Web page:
The Humanist

The Humanist is a magazine focusing on critical inquiry and social concern from a humanist perspective. Published by the American Humanist Association, The Humanist covers everything from science and religion to politics and popular culture.

Articles from Vol. 57, No. 2, March-April

A Legacy from Parent to Child
The "need to believe" versus the "will to be skeptical"--which typically wins out? If the sales of books on angels, after life confessions, and alien encounters are any measure, the need to believe comes up the undisputed champ in the 1990s. But,...
Behind the White Coat
Prior to Louis Pasteur's discovery of microbes--an achievement considered by many to mark the dawn of modern medicine--hospitals were dangerous places in which patients were more likely to die of a contagion acquired there than if they had simply...
Big Brother Goes to High School
Every day, public schools in America are becoming safer. Walk-through metal detectors have been in use in many inner city schools for over a decade, while hand-held desectors and random weapons screenings are more popular on smaller, rural campuses....
Born-Again Generals: Too Late for Moral Absolution
On December 4, 1996, the Washington Post ran a front page story about a group of some sixty retired U.S. and non U.S. generals and admirals--led by G. Lee Butler, former commander in chief of the Strategic Air Command, and Andrew J. Goodpaster, former...
Brain Research and Folk Psychology
there is good news for intellectual romantics--those people who look back longingly, even enviously, to historical periods when significant intellectual revolutions were blossoming. How fascinating, how exciting it must have been to be a part of the...
Dateline Death Row: On Watching a Man Die
Number six-two-six . . ." Yes, that's the first part of my raffle ticket. "... one-four-four." That's me! Normally, I would have shouted out, "I win!" But this was no time to celebrate. My lucky blue raffle ticket meant I'd won the "privilege" of...
Divided We Stand
He was more than ninety years old when I met him, and that was nine' teen years ago. He lived alone in a little apartment somewhere in Jerusalem. All I remember is that he had the seamed and spotted skin of the very old, but his eyes were bright....
Humanizing Science
Part of my humanism says that, in order for science to be of value, it must have value to the people from whom our scientific information comes To use other human beings as objects of study and then hide the results from them--using such results only...
Let's Stand Up for David Dellinger
I sat there applauding with the rest of the audience at Baseline Middle School in Boulder, Colorado. But then I said to myself, "For Christ's sake, stand up. If anyone deserves to be stood up for it's this guy." So I stood up, and slowly the audience...
New Strategies, New Groups
We know a great deal more about the right-wing religious movement in 1997 than we did a year ago, in part because of the publication of three books. Easily the best is Fred Clarkson's Eternal Hostility: The Struggle Between Theocracy and Democracy,...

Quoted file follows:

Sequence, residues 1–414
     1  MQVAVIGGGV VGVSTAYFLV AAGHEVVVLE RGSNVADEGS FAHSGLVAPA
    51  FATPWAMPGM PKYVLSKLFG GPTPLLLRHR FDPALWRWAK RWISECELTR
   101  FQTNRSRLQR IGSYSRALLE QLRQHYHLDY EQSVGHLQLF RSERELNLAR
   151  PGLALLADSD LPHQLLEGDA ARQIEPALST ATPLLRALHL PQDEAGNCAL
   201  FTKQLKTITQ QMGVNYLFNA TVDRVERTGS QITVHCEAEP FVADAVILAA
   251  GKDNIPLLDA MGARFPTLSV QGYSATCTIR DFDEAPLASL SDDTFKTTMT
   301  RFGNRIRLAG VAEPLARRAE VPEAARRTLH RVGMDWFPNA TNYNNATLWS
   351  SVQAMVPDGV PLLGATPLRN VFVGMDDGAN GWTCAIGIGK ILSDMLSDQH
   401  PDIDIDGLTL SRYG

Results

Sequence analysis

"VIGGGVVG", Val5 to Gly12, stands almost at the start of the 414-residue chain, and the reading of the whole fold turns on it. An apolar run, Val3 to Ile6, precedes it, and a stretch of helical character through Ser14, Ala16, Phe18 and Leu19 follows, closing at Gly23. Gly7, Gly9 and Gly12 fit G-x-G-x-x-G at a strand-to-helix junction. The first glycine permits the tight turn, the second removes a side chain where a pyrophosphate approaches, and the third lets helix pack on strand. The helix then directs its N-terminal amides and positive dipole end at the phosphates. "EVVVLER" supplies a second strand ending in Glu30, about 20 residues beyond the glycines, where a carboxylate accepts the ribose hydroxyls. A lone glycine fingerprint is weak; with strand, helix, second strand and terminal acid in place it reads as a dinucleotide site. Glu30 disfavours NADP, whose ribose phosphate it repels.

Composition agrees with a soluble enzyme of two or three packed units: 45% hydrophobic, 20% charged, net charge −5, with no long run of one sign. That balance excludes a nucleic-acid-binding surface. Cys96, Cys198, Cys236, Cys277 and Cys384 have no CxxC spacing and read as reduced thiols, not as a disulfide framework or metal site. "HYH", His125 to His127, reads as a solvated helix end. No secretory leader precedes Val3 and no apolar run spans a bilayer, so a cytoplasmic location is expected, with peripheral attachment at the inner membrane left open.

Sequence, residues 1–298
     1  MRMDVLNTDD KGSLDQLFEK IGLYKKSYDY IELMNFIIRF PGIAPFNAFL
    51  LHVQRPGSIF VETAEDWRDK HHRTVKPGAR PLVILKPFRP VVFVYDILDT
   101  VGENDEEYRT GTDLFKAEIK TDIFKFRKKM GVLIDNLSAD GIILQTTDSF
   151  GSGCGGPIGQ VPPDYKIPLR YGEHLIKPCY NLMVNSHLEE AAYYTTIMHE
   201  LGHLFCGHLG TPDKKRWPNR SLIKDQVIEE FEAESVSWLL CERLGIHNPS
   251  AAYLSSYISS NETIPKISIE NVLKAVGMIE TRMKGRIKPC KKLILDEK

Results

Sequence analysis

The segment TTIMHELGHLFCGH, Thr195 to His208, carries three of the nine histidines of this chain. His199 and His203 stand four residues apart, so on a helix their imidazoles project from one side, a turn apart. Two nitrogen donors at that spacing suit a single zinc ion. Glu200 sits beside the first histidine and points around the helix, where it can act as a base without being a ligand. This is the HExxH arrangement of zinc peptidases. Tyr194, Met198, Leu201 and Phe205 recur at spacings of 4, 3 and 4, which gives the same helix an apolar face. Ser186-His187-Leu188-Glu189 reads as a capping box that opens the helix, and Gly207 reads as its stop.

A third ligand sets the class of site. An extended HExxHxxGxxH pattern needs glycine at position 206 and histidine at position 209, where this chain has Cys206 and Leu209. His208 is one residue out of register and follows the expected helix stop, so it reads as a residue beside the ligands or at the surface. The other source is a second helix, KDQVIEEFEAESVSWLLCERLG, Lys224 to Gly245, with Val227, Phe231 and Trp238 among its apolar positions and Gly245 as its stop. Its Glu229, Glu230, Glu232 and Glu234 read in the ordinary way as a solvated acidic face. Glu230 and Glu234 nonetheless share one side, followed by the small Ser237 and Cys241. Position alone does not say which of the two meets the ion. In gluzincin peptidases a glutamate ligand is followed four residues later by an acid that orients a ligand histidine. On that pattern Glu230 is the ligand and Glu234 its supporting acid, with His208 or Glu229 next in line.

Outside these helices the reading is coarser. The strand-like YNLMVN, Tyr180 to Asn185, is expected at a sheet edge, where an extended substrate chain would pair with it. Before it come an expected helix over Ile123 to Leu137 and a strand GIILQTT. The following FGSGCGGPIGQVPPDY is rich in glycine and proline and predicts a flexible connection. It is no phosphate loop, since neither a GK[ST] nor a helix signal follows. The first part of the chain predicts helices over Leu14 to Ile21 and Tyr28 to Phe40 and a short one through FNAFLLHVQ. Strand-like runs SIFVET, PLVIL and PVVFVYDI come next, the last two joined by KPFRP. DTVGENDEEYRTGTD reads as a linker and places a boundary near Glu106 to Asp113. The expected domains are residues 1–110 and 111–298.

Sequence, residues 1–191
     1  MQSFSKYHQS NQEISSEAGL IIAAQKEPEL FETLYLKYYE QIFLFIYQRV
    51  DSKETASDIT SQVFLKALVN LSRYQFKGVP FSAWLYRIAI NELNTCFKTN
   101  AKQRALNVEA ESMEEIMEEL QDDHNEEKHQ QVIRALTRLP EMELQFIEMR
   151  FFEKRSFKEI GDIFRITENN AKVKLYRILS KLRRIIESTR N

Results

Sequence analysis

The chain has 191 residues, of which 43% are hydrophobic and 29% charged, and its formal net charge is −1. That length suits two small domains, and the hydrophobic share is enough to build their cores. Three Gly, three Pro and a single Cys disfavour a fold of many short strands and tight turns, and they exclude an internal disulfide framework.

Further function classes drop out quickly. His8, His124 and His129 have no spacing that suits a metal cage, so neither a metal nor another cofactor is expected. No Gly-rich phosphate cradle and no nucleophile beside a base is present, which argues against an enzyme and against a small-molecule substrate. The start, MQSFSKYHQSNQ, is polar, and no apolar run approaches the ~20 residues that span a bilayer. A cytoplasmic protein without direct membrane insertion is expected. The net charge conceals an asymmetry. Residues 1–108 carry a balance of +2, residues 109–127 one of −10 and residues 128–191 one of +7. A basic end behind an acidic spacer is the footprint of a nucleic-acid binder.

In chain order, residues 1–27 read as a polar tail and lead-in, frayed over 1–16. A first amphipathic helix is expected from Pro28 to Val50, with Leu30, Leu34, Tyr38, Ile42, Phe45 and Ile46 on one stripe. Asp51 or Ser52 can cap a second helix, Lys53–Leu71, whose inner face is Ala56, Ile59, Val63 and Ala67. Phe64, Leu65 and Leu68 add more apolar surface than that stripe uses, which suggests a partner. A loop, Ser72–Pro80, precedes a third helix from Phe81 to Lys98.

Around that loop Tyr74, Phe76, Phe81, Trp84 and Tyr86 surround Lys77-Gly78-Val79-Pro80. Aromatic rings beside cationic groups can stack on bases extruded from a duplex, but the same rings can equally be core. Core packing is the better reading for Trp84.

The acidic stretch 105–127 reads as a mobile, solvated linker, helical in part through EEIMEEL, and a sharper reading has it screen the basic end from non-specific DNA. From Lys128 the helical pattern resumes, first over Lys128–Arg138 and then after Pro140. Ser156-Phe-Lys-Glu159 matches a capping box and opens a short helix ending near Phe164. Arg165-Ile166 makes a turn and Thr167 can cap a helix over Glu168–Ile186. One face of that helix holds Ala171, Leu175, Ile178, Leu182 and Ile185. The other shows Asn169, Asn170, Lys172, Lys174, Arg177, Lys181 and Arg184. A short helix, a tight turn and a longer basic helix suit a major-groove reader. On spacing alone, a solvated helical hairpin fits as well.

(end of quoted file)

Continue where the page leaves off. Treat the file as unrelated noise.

Open Secrets
In his excellent article, "A Filmmaker's Credo: Some Thoughts on Politics, History, and the Movies," in the September/October 1997 issue of The Humanist, Oliver Stone failed to mention his greatest contribution to the understanding of our nation's...
Psychological Aftereffects of Abortion: The Rest of the Story
Over the last decade, a consensus has been reached in the medical and scientific communities that most women who have an abortion experience little or no psychological harm. Yet a woman's ability to cope psychologically after an abortion continues...
Rose-Colored Lenses and the Consumer Price Index
Economics used to be called the dismal science. Early nineteenth-century economists enlivened public discourse with coldly rational predictions about the inevitability of poverty and the fate of the poor. Their rhetoric was indeed dismal, but just...
Silent Reminders
Yesterday I opened a bag of cinnamon-coated pecans, put a few into my mouth, and began enjoying their distinct taste. Suddenly I was flooded with memories from almost twenty years ago--memories of gathering pecans under a tree in my grandmother's...
The People versus Bill Baird: Struggling for Your Right to Privacy
Thirty years ago, 679 students at Boston University signed a letter asking me to come to Massachusetts to challenge a nineteenth century law that denied unmarried people access to birth control and abortion devices and information. This law, as amended...
Trading Cards, Heroes, and Whistleblowers
This past summer, I drove to my hometown to see my two nieces and their children, who were visiting my brother. While there, I overheard my two grandnephews talking about sports and their collections of sports cards. One claimed he possessed a card...
What Quinlan Can Tell Kevorkian about the Right to Die
In the summer of 1973, Karen Ann Quinlan shared with her friends a disturbing premonition: she was going to die young, she told them; she was going down in history. Almost two years later, on April 15, 1975, twenty-one-year-old Quinlan, in a coma of...
Why We Must Restigmatize the Institution of Illegitimacy
In keeping with the policy of The Humanist to consider the diverse social, political, and philosophical viewpoints of its readers, this occasional feature allows for the expression of alternative and dissenting views on issues of importance to the...